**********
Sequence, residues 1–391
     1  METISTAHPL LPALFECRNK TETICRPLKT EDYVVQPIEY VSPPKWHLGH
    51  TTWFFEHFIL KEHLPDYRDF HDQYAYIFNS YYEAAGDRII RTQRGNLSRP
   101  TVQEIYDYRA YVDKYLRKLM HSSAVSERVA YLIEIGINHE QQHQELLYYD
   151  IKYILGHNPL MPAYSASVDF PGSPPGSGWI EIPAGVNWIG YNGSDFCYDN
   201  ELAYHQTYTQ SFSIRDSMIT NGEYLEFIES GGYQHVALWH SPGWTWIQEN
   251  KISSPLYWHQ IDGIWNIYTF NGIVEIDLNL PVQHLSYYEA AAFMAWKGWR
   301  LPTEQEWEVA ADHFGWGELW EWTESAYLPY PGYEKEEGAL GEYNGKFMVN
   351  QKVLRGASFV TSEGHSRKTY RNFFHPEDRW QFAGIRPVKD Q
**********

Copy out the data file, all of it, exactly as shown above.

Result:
Sequence, residues 1–391
     1  METISTAHPL LPALFECRNK TETICRPLKT EDYVVQPIEY VSPPKWHLGH
    51  TTWFFEHFIL KEHLPDYRDF HDQYAYIFNS YYEAAGDRII RTQRGNLSRP
   101  TVQEIYDYRA YVDKYLRKLM HSSAVSERVA YLIEIGINHE QQHQELLYYD
   151  IKYILGHNPL MPAYSASVDF PGSPPGSGWI EIPAGVNWIG YNGSDFCYDN
   201  ELAYHQTYTQ SFSIRDSMIT NGEYLEFIES GGYQHVALWH SPGWTWIQEN
   251  KISSPLYWHQ IDGIWNIYTF NGIVEIDLNL PVQHLSYYEA AAFMAWKGWR
   301  LPTEQEWEVA ADHFGWGELW EWTESAYLPY PGYEKEEGAL GEYNGKFMVN
   351  QKVLRGASFV TSEGHSRKTY RNFFHPEDRW QFAGIRPVKD Q